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Good Letters

Drawing of a dog with its front paws off the ground. The dog is looking backwards slightly, and its tail is up. God is a wild old dog / Someone left out on the highway

—Patty Griffin “Wild Old Dog”

It is the first week of spring and I sit in the small cemetery on our community property. The bench underneath me is green and mossy from the confusion of a mild winter that left us with buds in February and tornado warnings in early March. The daffodils are the earliest signs of life as they begin to bloom around the small gravestones here, some of them marked for infants who died just after birth.

All these natural metaphors are not lost on me: I am seven months pregnant with our fourth child, mourning the death of my dad and the death of our community. After our baby is born, we are likely to move on from this place to another, packing with us all the excitement, grief, worry, and hope we cannot leave behind.

Life, death, suffering, and blessing are huddled so close together that they often resemble one another. It can be confusing to pick through them.

Maybe it is because of my privilege that I don’t wonder where God is in all of this: even if my husband is without a job for a few months, we still have family and friends and savings to fall back on. Or maybe it’s because I’ve discovered something strange about God in the midst of all this confusion and grief.

The first time I heard Patty Griffin’s song “Wild Old Dog” which characterizes God as a dirty mutt left abandoned on the highway, I cringed a little. It felt blasphemous to talk about God as a scabby dog that no one needed anymore. I don’t know what Patty Griffin intended with her song. It could be she meant to tell us that she and the rest of us don’t need God anymore, that God isn’t doing us any good here so the old rascal should be left to freely roam the highways.

Or maybe Griffin meant something else, something even despite herself.

I wonder if I initially bristled against the idea of God as a dirty rejected dog because I couldn’t stand to see my clean holy God described in such a way. Or was it because Griffin is revealing more to me about who God really is than I want her to, about the godly things I have been tempted to reject? This pristine God is one of my own making, the God I’ve tried to domesticate and keep clean.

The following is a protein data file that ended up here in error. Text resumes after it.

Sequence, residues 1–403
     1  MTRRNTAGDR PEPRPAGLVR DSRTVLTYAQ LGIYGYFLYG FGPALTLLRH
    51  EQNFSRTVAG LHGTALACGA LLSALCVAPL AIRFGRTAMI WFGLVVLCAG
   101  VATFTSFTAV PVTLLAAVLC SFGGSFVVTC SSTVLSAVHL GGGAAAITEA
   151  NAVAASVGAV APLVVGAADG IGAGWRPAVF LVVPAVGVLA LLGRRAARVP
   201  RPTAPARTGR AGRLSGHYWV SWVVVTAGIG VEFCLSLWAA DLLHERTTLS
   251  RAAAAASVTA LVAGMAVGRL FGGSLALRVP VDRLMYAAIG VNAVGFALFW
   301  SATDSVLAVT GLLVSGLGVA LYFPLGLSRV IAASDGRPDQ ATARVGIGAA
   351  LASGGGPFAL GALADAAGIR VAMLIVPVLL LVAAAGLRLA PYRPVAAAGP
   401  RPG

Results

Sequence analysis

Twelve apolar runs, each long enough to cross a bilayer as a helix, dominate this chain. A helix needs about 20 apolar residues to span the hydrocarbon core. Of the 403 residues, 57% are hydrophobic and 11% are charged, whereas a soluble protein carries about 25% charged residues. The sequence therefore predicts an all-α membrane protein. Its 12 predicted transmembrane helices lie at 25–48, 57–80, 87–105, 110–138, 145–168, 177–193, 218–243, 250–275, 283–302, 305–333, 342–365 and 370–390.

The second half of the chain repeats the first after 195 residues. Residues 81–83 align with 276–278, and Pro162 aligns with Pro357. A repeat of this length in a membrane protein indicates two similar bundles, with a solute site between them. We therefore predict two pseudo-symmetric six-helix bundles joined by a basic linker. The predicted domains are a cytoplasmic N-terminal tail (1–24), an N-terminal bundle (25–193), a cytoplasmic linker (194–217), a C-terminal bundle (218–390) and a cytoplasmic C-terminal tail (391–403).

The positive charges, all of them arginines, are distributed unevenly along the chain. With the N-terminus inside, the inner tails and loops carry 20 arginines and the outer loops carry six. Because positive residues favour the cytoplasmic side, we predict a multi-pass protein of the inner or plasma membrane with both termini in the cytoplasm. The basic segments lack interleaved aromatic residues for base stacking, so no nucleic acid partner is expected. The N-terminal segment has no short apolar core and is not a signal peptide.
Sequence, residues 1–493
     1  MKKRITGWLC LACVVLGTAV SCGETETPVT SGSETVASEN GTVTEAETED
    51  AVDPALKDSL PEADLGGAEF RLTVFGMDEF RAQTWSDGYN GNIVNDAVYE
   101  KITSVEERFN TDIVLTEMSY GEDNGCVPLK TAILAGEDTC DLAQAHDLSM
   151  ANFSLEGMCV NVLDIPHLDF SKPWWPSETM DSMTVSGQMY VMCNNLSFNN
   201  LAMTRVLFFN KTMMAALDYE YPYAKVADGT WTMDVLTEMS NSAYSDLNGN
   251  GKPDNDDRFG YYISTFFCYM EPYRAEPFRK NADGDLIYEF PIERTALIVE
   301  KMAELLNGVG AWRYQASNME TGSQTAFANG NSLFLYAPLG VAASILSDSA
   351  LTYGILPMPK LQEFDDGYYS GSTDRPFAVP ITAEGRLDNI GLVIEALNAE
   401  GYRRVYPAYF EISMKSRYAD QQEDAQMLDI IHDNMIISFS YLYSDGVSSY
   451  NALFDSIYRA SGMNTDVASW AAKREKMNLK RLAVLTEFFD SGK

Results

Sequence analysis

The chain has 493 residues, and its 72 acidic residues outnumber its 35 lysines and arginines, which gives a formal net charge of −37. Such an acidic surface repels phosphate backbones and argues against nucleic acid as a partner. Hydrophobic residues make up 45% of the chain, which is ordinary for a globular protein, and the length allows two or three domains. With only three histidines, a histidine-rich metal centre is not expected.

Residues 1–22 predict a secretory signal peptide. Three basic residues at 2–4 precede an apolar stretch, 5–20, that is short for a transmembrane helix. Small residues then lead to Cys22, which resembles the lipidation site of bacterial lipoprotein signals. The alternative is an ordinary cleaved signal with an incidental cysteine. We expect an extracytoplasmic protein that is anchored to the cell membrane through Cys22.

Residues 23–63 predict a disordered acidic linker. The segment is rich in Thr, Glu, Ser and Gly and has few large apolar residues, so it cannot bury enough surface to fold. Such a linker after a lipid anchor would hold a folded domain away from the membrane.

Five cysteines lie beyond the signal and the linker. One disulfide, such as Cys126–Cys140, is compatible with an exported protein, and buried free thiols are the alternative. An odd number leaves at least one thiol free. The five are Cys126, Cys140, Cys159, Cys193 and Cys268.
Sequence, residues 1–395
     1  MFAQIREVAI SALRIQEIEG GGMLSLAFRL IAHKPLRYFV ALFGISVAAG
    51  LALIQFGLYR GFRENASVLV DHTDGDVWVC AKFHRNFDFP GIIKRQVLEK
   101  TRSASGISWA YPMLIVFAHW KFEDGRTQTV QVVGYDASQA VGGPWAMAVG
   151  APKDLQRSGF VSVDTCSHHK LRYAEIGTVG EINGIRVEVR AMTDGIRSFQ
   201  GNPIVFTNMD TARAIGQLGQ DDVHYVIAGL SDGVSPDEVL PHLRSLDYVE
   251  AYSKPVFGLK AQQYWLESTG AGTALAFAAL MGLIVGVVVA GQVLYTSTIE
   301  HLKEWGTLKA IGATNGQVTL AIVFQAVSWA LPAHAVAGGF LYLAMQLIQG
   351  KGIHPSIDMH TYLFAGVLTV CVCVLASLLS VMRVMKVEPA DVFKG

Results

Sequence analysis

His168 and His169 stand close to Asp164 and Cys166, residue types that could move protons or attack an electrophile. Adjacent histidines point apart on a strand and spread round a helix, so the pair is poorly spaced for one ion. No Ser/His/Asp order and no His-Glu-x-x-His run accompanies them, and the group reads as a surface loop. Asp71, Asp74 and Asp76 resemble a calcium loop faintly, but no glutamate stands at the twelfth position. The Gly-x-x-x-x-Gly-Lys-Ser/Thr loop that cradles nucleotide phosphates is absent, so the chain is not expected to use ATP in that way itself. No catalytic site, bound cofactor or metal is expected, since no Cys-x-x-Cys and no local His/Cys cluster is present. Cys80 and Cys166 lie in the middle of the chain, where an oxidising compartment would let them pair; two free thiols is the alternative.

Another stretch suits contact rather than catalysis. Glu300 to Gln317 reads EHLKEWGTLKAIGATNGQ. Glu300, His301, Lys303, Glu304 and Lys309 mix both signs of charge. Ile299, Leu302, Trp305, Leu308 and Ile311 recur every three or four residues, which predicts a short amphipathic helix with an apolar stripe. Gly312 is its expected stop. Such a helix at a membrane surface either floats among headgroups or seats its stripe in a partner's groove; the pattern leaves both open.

But I suspect that many of the mystics would relate to this less-than-pristine image of God. After all, St. Francis found a holy God when he kissed the leper on the road, dressed in raggedy clothes, and slept in the dirt. Dorothy Day discovered God among the slums of New York City during wartime, and in communitarian farms that offered food, work, and shelter to a group of lonely, hungry misfits.

Francis and Dorothy found the God who is really wild, who can’t help hanging around with ragamuffins and catching their diseases. I have found God in a suffering people who grieve together, in the midst of my own sorrows and subsequent dark thoughts, on my knees crying out for relief.

In the person of Jesus, it was finally revealed that God is willing to be dirty and sick, willing to be kicked and beaten and left for dead. God is willing to dine with those the rest of the world marginalizes. And if we allow it, God will show us that we are no different.

I suspect the image of God as a dirty dog made me uncomfortable because I was striving to be holy like God in the wrong ways. And because I have, at times, passed by a chance to meet the God who is wandering at the edges.

Thankfully, this wild God has not abandoned me.

The proof is in this graveyard, which is often unkempt, the forest behind it thick with fibrous honeysuckle vines that belie their sweet name. This is not honeysuckle’s natural habitat and it’s invaded the forest with stubbornness. Still, the vines don’t approach the graves. I don’t know if someone has come to cut them back or if the vines just recognize the wild and sad sorrow that brought these graves here.

Like the forest around the graves, grief is such a knotty mess that the effort of untangling—like brushing through the matted hair of a dog that’s been roaming through the underbrush too long—is tedious and painful. Maybe that’s why God meets me here in this melancholy place, in a cemetery where so much sorrow has been buried in the earth, in a community where so many have suffered abuse and neglect, and in my own grief.

This is where God is revealed: in the infinite suffering love that pours out of the divine heart. God is helping me to stay put and lean into the holy tangled beauty because God too is wild and this is where wildness resides.


The Image archive is supported in part by an award from the National Endowment for the Arts.

Written by: Christiana N. Peterson

Christiana N. Peterson grew up in Texas and received a PhD in Creative Writing from St. Andrews University in Scotland. She has published pieces on death, fairytales, and farm life at Art House America, her.meneutics, and cordella. She lives with her family in the rural Midwest where she is learning the joys and challenges of church and farm life. You can find more of Christiana’s writing on her blog at christiananpeterson.com and follow her on twitter.

Above image is James Ward's "Lady Londonderry's Dog," used with permission under a Creative Commons license, via Wikimedia Commons.

  • Peggy Rosenthal

    What a perfect reflection for Holy Week, Christiana. I’m sorry for your grief and suffering.Yet, as you so persuasively suggest, this is our common human lot — and God’s lot by choice, too, in Jesus. Thank you, and blessings on wherever your life now takes you.

  • I love this post. No matter who we are, or what we look like, every single person is made in God’s image and likeness. We are all kin. To care about another’s suffering is to use the infinite heart of God within us.

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